"One of the first things that a student in science or engineering acquires at the beginning of his college career is a sublime confidence in the objectivity of the scientific method and the unimpeachable status of the results thereof, along with a rather critical and condescending attitude toward other fields of learning which operate on a less exact basis. I still have a very vivid recollection of the amusement with which my classmates and I looked upon a statement in our economics textbook wherein the author commented on the theory of wages which he had just expounded at great length. This statement admitted that the theory did not produce the right results, but the author went on to say that he could not think of any better explanation, and consequently this one must be right anyway. Certainly, we students told ourselves, it was a pleasure to be identified with a branch of knowledge in which conclusions are reached by logical and mathematical processes rather than by any such ridiculous reasoning as this.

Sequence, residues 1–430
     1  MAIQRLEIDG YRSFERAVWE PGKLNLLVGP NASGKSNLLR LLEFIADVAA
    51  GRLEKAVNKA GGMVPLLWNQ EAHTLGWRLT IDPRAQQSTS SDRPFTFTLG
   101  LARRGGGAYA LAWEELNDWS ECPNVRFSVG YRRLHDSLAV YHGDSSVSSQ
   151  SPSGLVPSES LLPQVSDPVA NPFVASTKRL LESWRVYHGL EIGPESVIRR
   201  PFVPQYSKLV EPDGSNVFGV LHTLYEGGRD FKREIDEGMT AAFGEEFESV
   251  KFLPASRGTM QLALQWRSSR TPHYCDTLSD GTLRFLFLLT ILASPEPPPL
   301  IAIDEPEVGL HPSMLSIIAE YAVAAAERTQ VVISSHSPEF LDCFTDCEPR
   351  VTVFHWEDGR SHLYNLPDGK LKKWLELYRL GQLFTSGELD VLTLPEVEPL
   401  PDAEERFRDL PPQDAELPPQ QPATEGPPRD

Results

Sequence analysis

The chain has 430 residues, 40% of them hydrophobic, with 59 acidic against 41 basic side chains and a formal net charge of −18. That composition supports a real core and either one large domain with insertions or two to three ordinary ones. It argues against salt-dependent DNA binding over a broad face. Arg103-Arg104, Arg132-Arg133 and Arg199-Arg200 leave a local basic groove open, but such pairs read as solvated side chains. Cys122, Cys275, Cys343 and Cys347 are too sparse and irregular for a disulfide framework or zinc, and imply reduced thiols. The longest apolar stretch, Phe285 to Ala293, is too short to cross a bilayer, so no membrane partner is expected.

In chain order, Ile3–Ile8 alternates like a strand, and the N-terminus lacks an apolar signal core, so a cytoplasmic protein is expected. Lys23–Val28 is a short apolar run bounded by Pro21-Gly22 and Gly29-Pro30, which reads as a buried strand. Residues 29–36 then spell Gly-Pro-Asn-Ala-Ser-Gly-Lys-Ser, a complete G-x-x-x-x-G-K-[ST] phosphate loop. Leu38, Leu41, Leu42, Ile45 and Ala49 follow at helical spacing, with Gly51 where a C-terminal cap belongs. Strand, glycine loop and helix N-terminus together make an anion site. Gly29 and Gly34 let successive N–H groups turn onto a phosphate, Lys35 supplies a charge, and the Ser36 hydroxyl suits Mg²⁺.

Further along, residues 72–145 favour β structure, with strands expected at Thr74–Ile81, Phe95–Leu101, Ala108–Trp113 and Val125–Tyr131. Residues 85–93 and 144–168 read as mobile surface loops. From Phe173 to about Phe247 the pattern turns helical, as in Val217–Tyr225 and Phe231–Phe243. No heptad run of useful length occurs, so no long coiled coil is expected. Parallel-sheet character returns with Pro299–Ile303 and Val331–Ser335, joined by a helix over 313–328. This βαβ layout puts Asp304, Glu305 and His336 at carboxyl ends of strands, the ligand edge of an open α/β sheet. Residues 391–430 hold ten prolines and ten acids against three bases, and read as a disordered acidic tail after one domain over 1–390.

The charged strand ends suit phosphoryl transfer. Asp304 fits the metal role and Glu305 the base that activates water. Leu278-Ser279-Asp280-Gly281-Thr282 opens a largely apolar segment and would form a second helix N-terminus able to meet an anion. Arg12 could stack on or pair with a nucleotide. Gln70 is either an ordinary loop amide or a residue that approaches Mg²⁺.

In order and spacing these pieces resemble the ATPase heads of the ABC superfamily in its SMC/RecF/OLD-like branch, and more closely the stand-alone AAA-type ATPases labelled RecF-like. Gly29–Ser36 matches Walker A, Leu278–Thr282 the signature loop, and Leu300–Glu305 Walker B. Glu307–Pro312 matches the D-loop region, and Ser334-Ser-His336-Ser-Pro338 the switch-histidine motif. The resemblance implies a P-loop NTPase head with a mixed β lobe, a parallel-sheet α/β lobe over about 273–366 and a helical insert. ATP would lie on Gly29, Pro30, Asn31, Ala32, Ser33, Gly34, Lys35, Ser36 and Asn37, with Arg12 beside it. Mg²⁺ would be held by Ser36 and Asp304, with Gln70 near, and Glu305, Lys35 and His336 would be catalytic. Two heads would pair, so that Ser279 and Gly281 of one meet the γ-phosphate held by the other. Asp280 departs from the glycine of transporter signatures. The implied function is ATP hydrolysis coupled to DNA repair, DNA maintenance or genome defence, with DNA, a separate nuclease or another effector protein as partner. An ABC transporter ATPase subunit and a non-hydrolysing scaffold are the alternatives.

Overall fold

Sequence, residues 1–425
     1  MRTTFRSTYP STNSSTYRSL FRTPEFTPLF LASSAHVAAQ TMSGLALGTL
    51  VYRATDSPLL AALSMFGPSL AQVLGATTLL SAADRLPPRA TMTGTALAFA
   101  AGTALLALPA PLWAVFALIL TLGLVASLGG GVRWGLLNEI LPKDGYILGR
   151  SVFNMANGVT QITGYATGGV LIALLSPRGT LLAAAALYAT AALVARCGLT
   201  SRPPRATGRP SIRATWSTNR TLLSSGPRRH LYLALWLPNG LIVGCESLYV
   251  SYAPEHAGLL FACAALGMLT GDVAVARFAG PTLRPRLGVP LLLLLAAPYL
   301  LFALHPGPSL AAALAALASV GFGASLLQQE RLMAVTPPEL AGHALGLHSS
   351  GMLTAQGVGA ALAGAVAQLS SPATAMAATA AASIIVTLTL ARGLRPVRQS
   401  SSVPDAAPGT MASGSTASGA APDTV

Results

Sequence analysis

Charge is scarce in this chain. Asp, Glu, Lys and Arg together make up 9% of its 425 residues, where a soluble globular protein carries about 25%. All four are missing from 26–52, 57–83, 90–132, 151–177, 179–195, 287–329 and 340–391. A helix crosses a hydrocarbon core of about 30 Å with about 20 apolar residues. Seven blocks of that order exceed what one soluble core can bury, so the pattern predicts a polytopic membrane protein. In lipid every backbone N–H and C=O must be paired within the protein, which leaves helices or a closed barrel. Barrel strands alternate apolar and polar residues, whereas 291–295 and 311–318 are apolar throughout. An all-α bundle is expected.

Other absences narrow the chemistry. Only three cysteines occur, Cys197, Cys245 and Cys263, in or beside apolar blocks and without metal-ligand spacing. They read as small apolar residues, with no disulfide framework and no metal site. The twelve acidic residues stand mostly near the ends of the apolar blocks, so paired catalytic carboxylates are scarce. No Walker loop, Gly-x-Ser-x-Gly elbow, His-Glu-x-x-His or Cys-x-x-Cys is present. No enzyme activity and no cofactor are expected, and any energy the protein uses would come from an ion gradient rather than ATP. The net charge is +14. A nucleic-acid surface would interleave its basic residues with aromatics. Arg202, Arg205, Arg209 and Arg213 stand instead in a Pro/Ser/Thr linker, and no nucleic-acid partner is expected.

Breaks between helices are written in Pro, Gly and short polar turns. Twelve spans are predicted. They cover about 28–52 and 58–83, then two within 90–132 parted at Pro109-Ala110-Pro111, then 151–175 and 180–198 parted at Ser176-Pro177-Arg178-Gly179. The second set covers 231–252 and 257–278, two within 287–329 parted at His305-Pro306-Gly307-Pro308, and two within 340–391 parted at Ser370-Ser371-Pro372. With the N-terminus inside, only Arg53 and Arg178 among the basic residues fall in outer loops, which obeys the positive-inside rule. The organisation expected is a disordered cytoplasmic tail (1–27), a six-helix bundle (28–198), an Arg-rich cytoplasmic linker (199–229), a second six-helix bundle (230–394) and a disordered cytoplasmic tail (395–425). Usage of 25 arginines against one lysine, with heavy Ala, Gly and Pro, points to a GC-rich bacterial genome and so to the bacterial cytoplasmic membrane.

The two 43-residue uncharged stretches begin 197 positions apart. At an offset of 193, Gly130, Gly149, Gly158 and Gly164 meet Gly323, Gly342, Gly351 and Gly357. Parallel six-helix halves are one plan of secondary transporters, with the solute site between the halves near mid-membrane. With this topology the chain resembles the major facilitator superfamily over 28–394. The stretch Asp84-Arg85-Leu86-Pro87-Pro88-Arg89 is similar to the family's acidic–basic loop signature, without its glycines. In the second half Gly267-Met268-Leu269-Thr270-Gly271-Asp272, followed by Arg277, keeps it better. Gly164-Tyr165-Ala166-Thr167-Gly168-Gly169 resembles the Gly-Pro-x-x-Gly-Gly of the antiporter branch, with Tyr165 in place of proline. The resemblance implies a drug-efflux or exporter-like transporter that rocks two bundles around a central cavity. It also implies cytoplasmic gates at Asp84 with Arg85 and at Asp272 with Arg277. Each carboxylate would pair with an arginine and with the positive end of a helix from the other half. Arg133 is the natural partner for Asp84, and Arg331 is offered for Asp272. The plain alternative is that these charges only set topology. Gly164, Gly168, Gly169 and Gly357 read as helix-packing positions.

But those of us who have subsequently had occasion to leave the beaten path in the course of research work of one kind or another have been thoroughly disillusioned on this score. In spite of the high ideals to which the scientific world subscribes in theory, today?s best guess is just as firmly enthroned in the field of science as it is in economics or any other of the less ?exact? branches of knowledge, and the extent to which general acceptance is taken as the equivalent of proof in present-day scientific practice is nothing short of astounding. It is true that the areas in which the facts have been positively and unequivocally established are much larger in science than in these other fields, but outside of these fully explored areas the scientist is just as reluctant to admit ignorance as his counterparts in other disciplines, and just as prone to present his opinion or that of the ?authorities? in his field as positive knowledge. There is, in fact, a very general tendency to elevate currently popular scientific theories and assumptions to the status of incontestable articles of faith whose validity must not be questioned, and the path of the innovator who dares to take issue with these cherished doctrines is thorny indeed.